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Missouri lowers substitute teacher requirements to address shortage

  

JEFFERSON CITY, Mo. — Those seeking a substitute teaching certificate in Missouri will be allowed to pursue accreditation through alternative training as the state still struggles with a staffing shortage heading into the new school year. 

The rule change, approved by the State Board of Education Tuesday, permanently gives applicants the choice between the standard 60 hours of college credit hours or 20 hours of online training to obtain a certificate beginning at the end of the calendar year. The rule was approved on a temporary basis last year to remove barriers to employment and fight the recruitment shortage — which had been an issue in the state for six years but was further aggravated by the COVID-19 pandemic

Office of Educator Quality Assistant Commissioner Paul Katnik presented the item before the board, noting there were no negative reactions during the month-long public comment period and many of the concerns raised last year had been assuaged. Board members then had considered whether substitute teachers’ potential lack of experience or knowledge could hinder students’ learning, but Katnik only heard positive feedback Tuesday. 

“We’ve had administrators who felt that they were even more prepared than some of the folks who had gone through 60 credit hours,” Katnik said. “Last year there were questions about what it would do, even here with the board. The vendor took the data that we ran and worked on a couple of the modules that folks felt could be stronger over the summer. They feel they can do an even better job on those this year.”

The training includes 20 hours of instruction in professionalism, honoring diversity, student engagement, classroom management, and educational strategies. 

The department intends to invest a large portion of the state’s $1.96 billion allotment through the Elementary and Secondary School Emergency Relief (ESSER III) fund to address the teacher shortage. The department said it plans to fund a statewide recruitment campaign along with grants geared toward retention and recruitment. 

The Department of Elementary and Secondary Education (DESE) also earmarked more than $50 million in COVID relief funds for teacher recruitment and retention efforts earlier this year, offering $10,000 grants to local education agencies for programs encouraging students to pursue a career in education. 

Food assistance

The board voted to consolidate the state’s school meal programs and alter them to reflect federal standards for free and reduced meals and milk programs, the National School Lunch Program, and the School Breakfast Program. School districts are required to report the number of participants in each program to DESE every February.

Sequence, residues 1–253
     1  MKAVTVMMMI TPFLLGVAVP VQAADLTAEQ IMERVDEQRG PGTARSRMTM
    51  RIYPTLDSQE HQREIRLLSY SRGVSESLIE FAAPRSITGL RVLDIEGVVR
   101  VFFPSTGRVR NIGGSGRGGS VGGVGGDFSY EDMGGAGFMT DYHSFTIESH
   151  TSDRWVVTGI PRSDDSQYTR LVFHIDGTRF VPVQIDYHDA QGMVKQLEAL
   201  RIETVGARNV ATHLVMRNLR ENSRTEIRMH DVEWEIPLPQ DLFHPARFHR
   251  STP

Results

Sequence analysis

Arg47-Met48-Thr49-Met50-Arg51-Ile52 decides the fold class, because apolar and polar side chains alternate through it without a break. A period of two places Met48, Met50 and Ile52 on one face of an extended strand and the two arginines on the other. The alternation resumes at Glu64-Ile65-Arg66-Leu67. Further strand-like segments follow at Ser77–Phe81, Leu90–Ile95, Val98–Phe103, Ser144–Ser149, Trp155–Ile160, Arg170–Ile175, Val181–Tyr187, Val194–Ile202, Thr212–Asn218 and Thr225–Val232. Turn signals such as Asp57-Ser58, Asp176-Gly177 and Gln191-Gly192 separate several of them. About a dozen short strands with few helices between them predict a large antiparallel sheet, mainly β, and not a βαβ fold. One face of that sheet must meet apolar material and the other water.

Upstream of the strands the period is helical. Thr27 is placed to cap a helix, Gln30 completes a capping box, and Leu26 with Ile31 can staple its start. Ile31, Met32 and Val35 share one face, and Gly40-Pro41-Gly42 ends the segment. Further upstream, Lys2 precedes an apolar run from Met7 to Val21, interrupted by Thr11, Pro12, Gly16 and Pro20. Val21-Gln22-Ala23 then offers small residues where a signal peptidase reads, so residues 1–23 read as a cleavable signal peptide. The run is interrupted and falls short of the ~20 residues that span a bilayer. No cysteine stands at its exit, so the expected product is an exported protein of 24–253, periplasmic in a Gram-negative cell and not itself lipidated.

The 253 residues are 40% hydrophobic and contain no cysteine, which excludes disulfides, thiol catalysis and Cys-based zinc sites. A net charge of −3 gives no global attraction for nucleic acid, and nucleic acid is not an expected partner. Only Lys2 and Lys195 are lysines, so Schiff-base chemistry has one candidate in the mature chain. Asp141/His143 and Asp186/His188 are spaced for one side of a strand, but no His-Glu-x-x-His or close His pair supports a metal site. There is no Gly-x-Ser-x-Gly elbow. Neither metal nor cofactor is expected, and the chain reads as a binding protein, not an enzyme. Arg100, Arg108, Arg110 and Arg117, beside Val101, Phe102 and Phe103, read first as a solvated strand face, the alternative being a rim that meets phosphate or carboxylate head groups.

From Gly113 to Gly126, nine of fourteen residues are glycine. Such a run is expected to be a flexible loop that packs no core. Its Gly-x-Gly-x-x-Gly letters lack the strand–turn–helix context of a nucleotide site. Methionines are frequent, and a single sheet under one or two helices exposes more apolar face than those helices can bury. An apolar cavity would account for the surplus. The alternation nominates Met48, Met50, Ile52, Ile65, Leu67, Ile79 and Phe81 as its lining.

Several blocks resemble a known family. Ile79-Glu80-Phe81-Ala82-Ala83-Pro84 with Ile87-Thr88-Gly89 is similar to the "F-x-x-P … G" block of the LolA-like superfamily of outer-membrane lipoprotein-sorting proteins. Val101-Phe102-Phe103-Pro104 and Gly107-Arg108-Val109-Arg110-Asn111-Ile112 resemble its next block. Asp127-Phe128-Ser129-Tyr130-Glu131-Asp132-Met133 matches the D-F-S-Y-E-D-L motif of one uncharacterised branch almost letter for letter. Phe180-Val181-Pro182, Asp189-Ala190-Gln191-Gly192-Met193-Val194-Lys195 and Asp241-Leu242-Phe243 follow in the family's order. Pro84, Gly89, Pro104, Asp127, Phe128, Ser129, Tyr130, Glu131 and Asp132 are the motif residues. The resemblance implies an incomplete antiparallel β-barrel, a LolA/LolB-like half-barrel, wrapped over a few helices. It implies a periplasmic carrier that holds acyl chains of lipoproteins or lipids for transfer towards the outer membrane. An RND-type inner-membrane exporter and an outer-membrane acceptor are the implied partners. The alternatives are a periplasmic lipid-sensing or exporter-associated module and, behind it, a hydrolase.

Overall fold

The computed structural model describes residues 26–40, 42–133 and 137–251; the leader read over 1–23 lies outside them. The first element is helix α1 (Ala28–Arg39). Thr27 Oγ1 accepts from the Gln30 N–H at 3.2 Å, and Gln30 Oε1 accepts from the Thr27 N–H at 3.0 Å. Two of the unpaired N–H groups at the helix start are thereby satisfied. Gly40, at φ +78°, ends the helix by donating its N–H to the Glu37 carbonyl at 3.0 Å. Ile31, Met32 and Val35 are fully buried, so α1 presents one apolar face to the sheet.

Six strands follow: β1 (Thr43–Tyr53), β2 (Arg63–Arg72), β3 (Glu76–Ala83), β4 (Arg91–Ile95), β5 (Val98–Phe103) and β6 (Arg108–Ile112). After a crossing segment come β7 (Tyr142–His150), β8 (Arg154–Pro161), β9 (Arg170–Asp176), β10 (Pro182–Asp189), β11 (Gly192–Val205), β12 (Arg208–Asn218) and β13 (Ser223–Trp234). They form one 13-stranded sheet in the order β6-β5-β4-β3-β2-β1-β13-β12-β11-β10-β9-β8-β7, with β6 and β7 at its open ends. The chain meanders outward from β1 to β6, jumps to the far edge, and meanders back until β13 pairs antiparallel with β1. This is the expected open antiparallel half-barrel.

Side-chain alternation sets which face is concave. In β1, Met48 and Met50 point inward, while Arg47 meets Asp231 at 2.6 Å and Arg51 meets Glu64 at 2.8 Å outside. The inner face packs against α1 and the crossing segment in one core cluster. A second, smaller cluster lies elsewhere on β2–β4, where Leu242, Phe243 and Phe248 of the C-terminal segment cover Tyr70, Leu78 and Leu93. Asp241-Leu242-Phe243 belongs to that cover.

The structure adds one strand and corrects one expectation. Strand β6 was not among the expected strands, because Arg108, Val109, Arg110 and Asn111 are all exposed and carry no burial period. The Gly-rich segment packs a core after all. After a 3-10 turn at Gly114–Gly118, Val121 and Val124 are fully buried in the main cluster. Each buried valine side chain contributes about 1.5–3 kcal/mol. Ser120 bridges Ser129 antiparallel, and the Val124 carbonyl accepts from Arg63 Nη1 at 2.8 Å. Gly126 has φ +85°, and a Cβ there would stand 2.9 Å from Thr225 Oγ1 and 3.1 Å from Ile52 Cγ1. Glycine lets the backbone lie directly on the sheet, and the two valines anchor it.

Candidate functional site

Members also speculated on budgetary needs for the next fiscal year during Tuesday’s meeting, specifically pointing to state and federal investments, proposals to increase teacher salaries to combat staffing shortages, and Missouri’s new Office of Childhood which is set to launch later this month. 

Vaccines and masks

The board also heard an update on the state’s COVID-19 response, noting a lack of statewide mandates and reiterating the reopening guidelines for this fall. 

DESE recommended schools offer vaccination information and opportunities to eligible students while the Department of Health and Senior Services (DHSS) is offering funds and staff for periodic testing. DESE Deputy Commissioner Tracy Hinds said the virus and the state’s response were in flux as the pandemic progressed.

Multiple school districts, including Jefferson City School District, are requiring students to wear masks throughout the entire day or in certain situations when school resumes. However, DESE is not compiling data on which schools are instating mask mandates, a spokesperson told The Missouri Times. 

Members encouraged the board to pursue rules that would remove barriers for school bus drivers as the state prepares for a similar personnel shortage this fall. Masks are required on Missouri school buses under recent federal guidelines, an issue board members said could lead to a more substantial shortage in the future. 

In an attempt to address the digital divide and its impact on students during the pandemic, the board proposed a $50 million broadband investment pending approval by the U.S. Department of Education. The investment would mirror a similar grant program administered by the Department of Economic Development. 

The next Board of Education meeting will be held in September.